It has been demonstrated statistically that the prevalence of inadequacy in a population whose requirements are symmetrically distributed can be estimated by comparing its intake to the EAR for that nutrient in the same (or a similar) population (Figure 4). Thus, in the DRI process, when evaluating vitamin C requirements, experimental data from a clinical study indicated that the average intake for men needed to achieve 70% white blood cell ascor-bate saturation (the chosen indicator) was ~75 mg/ day, and the EAR was set at 75mg/day. This is a value that can be applied to the intakes of other similar populations of men who have similar characteristics to determine the percentage of the population who may be inadequate based on this criterion of adequacy (Figure 5).

To use this method to assess adequacy of population groups, there are other basic statistical assumptions that should be met. First, an individual's requirement for a nutrient must be statistically independent of the intake for that nutrient (this does not hold for nutrients such as total energy or water—

Vitamin C intake (Food and supplements) Gender-Men----Women

Figure 5 Vitamin C intake data from NHANES III for men and women; using the EAR to determine the expected prevalence of inadequacy.

Vitamin C intake (Food and supplements) Gender-Men----Women

Figure 5 Vitamin C intake data from NHANES III for men and women; using the EAR to determine the expected prevalence of inadequacy.

people eat or drink because they know they need energy or water). Second, the amount of variation (the distribution) in the nutrient intake levels in the population group must be greater than the variation in the group of the requirements for the nutrient (this is almost always the case, except when everyone in the group consumes the same food in the same amounts—thus, there is little variability in intake). If these two assumptions are met, along with the symmetry mentioned previously, then the EAR can be used as the cut point for adequacy in other similar populations (as shown in Figure 4). This is called the EAR cut point method.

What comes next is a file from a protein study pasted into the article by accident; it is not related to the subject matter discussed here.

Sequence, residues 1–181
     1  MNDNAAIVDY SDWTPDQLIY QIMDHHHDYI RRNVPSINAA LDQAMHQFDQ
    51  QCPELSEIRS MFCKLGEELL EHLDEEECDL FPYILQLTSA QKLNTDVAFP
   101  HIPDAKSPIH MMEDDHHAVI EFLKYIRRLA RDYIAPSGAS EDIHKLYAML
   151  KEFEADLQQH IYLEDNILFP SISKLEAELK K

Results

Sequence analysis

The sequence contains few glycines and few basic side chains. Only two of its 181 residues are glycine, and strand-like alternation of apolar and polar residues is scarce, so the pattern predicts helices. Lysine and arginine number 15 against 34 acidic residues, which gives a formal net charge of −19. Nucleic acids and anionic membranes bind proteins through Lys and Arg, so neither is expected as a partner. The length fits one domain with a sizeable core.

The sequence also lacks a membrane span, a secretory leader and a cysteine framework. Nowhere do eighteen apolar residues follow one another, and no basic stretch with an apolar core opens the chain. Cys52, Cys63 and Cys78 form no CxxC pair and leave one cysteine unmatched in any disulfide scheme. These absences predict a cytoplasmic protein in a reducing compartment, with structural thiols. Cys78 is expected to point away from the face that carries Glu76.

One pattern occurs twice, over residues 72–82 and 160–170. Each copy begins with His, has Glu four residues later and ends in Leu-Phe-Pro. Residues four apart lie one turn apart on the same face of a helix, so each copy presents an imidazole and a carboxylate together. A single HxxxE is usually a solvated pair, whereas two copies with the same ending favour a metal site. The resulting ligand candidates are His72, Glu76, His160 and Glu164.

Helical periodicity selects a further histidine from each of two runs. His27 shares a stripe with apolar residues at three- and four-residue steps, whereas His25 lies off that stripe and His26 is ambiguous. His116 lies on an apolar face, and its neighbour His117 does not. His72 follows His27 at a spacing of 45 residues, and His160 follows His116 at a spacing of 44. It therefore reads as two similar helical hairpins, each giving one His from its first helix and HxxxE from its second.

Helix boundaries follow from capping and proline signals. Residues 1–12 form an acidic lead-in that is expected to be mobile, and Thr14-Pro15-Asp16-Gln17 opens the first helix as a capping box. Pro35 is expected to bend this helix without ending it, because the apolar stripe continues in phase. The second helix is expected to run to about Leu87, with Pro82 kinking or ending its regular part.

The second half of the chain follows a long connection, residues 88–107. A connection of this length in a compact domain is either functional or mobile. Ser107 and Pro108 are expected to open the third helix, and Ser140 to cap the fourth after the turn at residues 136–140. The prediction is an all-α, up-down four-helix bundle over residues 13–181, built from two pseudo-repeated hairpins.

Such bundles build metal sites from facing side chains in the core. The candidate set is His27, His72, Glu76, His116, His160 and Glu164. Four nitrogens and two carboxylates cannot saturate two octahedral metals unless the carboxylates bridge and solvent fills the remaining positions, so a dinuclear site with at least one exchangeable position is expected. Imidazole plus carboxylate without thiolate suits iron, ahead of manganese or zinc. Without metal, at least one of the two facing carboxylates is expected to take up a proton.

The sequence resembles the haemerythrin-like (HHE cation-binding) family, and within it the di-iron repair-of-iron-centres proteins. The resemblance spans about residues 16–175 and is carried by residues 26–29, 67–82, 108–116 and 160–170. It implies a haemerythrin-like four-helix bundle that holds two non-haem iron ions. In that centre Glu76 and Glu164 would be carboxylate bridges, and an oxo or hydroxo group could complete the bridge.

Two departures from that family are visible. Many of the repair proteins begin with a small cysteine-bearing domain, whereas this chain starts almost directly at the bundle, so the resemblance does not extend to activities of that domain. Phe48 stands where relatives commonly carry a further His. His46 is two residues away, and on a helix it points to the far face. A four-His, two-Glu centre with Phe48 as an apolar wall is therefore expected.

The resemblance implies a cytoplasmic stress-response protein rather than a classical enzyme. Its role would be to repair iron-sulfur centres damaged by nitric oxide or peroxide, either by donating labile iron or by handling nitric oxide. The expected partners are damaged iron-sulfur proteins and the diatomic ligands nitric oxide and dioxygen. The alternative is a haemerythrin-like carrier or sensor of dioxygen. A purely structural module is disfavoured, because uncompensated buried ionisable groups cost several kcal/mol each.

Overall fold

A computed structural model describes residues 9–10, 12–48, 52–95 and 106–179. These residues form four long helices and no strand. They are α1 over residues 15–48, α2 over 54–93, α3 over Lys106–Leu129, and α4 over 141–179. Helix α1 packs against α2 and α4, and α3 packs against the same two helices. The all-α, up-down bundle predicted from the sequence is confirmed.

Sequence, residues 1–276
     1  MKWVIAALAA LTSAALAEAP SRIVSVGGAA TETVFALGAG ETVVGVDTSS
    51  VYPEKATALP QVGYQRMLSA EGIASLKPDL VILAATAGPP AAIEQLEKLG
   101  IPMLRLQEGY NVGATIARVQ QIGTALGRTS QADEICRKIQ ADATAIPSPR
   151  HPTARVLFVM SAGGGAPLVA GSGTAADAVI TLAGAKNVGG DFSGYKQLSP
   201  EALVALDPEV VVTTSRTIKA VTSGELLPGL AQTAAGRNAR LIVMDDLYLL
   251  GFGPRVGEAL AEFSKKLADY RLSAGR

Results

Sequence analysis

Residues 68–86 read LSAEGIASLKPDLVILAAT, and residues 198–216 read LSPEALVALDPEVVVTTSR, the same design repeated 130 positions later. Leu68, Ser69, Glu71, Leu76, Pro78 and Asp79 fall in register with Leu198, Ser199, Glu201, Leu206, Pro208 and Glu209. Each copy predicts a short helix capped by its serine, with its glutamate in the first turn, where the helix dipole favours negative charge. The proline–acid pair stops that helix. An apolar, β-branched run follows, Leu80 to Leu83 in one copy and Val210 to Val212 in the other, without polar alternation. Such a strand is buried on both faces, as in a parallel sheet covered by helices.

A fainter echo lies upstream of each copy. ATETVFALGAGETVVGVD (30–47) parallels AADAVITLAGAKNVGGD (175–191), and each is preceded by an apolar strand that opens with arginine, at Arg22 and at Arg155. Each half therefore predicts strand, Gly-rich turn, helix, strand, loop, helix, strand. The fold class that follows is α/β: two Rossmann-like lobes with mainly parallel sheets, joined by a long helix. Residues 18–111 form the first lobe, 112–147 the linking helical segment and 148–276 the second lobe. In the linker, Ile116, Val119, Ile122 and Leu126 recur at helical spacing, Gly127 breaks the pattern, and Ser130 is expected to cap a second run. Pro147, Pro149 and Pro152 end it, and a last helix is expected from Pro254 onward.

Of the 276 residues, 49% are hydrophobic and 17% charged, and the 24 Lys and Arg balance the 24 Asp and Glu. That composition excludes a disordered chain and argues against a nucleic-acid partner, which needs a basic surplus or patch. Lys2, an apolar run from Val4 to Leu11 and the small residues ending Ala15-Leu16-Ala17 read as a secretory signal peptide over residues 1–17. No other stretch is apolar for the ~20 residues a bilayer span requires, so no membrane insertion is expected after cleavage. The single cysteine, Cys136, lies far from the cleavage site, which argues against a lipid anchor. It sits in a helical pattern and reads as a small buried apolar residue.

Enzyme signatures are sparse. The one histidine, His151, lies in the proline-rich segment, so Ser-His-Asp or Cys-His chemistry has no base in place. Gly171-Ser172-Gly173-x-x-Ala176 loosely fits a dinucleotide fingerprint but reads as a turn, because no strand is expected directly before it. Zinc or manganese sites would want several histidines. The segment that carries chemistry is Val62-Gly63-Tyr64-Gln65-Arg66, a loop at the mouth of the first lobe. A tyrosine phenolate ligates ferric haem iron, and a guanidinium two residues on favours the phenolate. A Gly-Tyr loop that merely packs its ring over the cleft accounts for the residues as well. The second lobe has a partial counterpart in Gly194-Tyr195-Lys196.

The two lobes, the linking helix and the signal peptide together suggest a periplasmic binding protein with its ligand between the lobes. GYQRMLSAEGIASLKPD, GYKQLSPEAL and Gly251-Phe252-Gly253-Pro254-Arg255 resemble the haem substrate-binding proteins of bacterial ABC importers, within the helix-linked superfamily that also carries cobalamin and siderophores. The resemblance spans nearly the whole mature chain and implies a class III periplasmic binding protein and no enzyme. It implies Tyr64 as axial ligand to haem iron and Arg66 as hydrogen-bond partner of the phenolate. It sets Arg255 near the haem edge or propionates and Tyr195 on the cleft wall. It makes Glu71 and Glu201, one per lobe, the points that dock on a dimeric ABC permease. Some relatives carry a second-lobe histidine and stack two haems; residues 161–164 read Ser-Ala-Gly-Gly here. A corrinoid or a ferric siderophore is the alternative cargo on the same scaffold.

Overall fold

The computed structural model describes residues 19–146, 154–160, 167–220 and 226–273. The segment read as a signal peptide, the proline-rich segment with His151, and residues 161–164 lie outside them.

Because the RDA has been misused as a tool to assess adequacy of intakes of groups in the past by policymakers and scientists alike, it has been argued by some that it is better for scientific panels of experts not to provide, in addition to EARs, any recommended intakes since their only use is to provide guidance to the individual, and health professionals can easily develop recommended intakes from reference values that are average requirements. However, the concept of RDAs in the United States and RNIs in Canada has been accepted in the general population to the extent that to not provide RDAs (and, as an extension, recommended intakes such as Adequate Intakes (Als) where data are lacking) would result in more misguided actions than would result from providing them along with instructions for their specific and only use: to plan diets for the individual.

Adequate Intake: Used when an EAR cannot be determined Whereas for many nutrients enough data exist to be able to establish levels of nutrient intake at which half of the individuals in a group would be inadequate based on the criterion chosen, for some nutrients the necessary data may be conflicting or lacking. In order to give some guidance to users of nutrient reference values, it is still necessary to provide quantitative numbers. To further differentiate the appropriate uses of the RDA, the DRI framework provides an additional category of a recommended intake for use with individuals to plan diets—termed the AI. This is a level that is considered adequate for all members of the group and thus may overestimate the needs of many, if not all. Statistically, it cannot be used as if it were an EAR to assess adequacy. It does, however, provide guidance for how much an individual should consume. In some cases, it is derived from the average intake of a population in which inadequacy appears to be nonexistent based on review of available indicators or criteria (such as is the case for vitamin K).